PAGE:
11.SAMPLE ANALYSIS: AN OVERVIEW Security. The vendor shall use only the following testing and analysis systems: Extraction method: Amplification conditions (including kit and amplification volume): Analysis platform: Conditions for retesting if a complete profile is not initially obtained: 10. Amplification negative (One form for each sample type: family reference. 7 DNA shall be extracted to a final volume of . Procedural changes affecting sample process­ ing must be approved ___ days prior to the processing of samples. Extraction positive Name: When introduced: Considered acceptable when: Location on analysis: Location in data files: Acceptable results: d. Vendor controls: a. Manual transfer shall be allowed only during the following steps: 12. Name: When introduced: Considered acceptable when: Location on analysis: Location in data files: Acceptable results: c. with the following course of action: 6. Samples will be provided to the vendor in the following manner: 2. and Period of Performance Here is a sample vendor testing and reporting guide that may contain components that laborato­ ry directors may consider when contracting with an outside vendor. The following DNA aliquots shall be made for additional testing: 9. Place of Performance. Samples will be provided with the following identification. Samples will be rejected by the vendor for testing for the following reasons. _________ at a concentration of _________. Extraction negative Name: When introduced: Considered acceptable when: Location on analysis: Location in data files: Acceptable results: Other: Name: When introduced: Considered acceptable when: Location on analysis: Location in data files: Acceptable results: A data file is defined as _______________________________________. Spiking or enriching a sample is acceptable ___yes ___no. Samples will come from the following agencies/locations: 3. which shall be reported with the profile: 5. Samples will be provided to the vendor at the rate of: 4. 8. Comments: 13. Amplification positive Name: When introduced: Considered acceptable when: Location on analysis: Location in data files: Acceptable results: b. No more than ___ percent of a sample shall be consumed by the vendor without permission. disaster. PRESIDENT’S I N I T I AT I V E DNA 103 . personal item) Sample Type______________________________ 1.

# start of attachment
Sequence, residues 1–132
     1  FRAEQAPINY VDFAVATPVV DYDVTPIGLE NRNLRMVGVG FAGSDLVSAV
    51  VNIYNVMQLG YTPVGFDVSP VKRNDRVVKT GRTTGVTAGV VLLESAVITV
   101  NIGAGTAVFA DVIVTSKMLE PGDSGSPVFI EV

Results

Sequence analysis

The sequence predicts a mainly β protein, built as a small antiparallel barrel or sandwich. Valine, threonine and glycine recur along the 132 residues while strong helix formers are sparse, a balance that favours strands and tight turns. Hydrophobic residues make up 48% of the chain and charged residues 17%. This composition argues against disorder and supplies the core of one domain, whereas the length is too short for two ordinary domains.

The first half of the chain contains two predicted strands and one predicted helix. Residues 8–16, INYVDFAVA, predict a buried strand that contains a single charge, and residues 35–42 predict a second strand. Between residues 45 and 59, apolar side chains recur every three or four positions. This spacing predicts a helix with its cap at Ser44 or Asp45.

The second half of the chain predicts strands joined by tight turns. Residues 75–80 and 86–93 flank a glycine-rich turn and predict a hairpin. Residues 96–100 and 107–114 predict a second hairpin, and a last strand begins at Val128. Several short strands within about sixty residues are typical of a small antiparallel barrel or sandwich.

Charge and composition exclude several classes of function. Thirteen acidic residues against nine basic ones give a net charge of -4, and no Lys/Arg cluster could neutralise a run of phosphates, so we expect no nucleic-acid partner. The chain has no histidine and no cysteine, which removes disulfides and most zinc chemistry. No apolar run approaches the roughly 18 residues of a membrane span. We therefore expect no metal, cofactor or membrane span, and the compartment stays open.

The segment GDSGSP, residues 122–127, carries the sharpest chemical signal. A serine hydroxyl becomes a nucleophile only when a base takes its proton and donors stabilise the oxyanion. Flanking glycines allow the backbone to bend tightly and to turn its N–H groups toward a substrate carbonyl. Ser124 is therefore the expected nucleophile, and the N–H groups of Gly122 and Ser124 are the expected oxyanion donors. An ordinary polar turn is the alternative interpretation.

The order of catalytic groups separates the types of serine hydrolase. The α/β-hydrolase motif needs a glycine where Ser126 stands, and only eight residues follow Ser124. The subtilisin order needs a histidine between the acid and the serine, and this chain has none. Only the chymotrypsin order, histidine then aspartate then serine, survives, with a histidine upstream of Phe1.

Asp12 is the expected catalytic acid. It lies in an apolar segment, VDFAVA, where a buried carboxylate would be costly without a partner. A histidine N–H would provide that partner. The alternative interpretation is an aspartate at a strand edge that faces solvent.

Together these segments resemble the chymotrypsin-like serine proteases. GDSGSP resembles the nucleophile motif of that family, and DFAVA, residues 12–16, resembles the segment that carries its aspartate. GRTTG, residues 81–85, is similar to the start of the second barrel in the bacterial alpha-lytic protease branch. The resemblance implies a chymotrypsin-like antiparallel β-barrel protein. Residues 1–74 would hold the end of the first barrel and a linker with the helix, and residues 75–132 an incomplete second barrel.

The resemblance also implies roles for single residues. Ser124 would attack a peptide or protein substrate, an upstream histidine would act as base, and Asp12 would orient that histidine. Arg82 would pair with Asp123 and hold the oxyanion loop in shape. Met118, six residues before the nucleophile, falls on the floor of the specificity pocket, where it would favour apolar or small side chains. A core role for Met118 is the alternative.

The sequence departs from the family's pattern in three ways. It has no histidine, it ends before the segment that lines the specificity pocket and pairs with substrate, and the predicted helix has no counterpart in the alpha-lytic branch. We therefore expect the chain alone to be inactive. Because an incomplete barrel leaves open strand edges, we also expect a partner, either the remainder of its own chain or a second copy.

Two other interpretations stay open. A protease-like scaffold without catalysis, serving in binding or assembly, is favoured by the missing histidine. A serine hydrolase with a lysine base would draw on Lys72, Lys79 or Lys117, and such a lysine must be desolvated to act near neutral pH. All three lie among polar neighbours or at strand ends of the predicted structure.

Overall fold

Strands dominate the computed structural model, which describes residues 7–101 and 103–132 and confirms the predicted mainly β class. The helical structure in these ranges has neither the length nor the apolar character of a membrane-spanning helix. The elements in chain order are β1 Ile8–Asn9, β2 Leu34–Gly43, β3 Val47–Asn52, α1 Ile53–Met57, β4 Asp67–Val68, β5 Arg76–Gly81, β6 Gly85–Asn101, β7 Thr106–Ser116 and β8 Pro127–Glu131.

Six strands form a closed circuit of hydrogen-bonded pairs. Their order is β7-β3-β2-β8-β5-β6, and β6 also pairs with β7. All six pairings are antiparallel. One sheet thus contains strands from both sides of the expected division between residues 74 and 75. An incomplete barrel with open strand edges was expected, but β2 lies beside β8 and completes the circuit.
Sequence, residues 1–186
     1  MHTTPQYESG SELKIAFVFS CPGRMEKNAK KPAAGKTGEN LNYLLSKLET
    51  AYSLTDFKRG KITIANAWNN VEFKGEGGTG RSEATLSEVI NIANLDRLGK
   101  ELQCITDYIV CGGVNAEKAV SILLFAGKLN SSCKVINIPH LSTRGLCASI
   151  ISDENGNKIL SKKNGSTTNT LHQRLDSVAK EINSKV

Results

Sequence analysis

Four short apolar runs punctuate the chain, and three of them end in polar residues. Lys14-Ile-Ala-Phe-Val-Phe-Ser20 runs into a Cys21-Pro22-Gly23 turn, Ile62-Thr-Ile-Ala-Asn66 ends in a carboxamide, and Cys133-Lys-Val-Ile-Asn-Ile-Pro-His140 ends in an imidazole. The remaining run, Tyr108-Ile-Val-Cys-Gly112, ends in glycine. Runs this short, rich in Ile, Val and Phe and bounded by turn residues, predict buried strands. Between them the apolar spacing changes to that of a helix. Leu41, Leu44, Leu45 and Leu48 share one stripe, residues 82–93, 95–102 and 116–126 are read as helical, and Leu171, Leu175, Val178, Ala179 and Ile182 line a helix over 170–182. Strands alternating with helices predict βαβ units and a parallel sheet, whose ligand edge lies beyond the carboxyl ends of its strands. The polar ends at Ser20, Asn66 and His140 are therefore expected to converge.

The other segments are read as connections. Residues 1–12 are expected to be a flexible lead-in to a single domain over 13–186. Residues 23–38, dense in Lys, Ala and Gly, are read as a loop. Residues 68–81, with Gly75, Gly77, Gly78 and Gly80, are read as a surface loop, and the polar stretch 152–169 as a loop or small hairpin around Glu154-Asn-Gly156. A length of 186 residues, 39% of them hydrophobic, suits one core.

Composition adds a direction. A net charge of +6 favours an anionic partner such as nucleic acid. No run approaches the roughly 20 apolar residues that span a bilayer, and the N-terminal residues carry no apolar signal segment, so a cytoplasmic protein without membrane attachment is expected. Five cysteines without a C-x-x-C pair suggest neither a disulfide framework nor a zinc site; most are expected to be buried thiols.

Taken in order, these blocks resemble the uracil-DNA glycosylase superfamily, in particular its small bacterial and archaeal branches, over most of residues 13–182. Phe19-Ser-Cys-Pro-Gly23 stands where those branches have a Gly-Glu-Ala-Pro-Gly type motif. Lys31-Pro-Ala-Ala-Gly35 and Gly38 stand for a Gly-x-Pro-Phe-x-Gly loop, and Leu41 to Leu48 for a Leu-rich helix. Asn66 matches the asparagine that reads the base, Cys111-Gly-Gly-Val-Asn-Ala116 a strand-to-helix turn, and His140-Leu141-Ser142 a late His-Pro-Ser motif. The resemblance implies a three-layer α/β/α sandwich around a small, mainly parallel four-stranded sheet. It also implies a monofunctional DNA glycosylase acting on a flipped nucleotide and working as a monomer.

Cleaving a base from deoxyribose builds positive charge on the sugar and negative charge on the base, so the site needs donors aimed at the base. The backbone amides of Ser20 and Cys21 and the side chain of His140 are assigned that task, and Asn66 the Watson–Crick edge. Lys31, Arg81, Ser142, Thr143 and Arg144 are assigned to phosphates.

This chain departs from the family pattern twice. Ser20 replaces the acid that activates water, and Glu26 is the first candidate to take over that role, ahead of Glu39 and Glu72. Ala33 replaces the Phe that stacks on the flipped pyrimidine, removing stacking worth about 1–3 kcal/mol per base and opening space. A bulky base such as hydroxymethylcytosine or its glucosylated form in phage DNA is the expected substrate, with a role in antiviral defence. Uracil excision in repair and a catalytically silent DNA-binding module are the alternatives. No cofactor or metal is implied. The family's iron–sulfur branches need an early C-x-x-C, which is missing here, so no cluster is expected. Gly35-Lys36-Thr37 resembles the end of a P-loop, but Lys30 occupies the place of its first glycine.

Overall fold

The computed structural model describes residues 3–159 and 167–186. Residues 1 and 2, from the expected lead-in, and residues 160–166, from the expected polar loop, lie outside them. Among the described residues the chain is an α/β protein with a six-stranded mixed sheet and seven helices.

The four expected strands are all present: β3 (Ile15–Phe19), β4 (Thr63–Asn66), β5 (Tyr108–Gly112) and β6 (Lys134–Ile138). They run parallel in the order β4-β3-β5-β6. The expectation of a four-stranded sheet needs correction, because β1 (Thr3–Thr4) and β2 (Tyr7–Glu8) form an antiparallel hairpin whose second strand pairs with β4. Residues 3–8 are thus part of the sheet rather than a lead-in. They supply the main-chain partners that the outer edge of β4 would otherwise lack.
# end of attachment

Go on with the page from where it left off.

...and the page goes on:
Data from all sample runs ___must ___need not be provided. Samples with triallelic profiles ___shall ___do not need to be retested. Samples with the following microvariants do not need to be retested: 15. d. Nonreported samples ___ may ___shall not be intermixed in reported data files. c. General peak characteristics The following reporting criteria apply to: ______ Samples ______ Ladders ______ Controls ______ Internal size standard Minimum peak height: Maximum peak height: Shape: Spikes ___not allowed ___allowed under the following circumstances: b. The following documentation shall be provided/associated with the reported profiles: g. Composite profiles (instances where the 13 CODIS core loci are created from more than the minimum multiplex data file[s] because one or more of the loci do not meet reporting criteria) ___shall ___ shall not be acceptable unless: b. Data reporting a. Profiles exhibiting multiple contributors shall be handled in the following manner: 19. Data and data files shall be reported in the following format: h. approved list) ___shall ___do not need to be retested. Minimum and maximum number of samples (complete 13 locus profile) in a reported batch: f. Internal size standard The following peaks are required to be present for reported samples: Size of 245 peak (on 310) must be ______________________. The following documentation shall be reported: 18. Data shall be reported at a frequency of: 21. Other: PRESIDENT’S 104 I N I T I AT I V E DNA . Minimum and maximum number of reportable samples with complete profiles in a single data file is: e. Data analysis: a. Samples with trialleles shall be processed in the following manner: 16. The following docu­ mentation shall be reported: 17 Samples with microvariants (not on an .APPENDIX F 14. c. Samples shall be returned on the following date and in the following condition: 22. Allelic Peaks Stutter: –A: Minimum allowable peak height ratio: 20.

APPENDIX G Identifying Victims Using DNA: A Guide for Families This is a PDF file of a publication (English/Spanish) that can be downloaded at PRESIDENT’S I N I T I AT I V E DNA 105 . to order hard copies.usdoj. call 1–800–851–3420 or order online at www.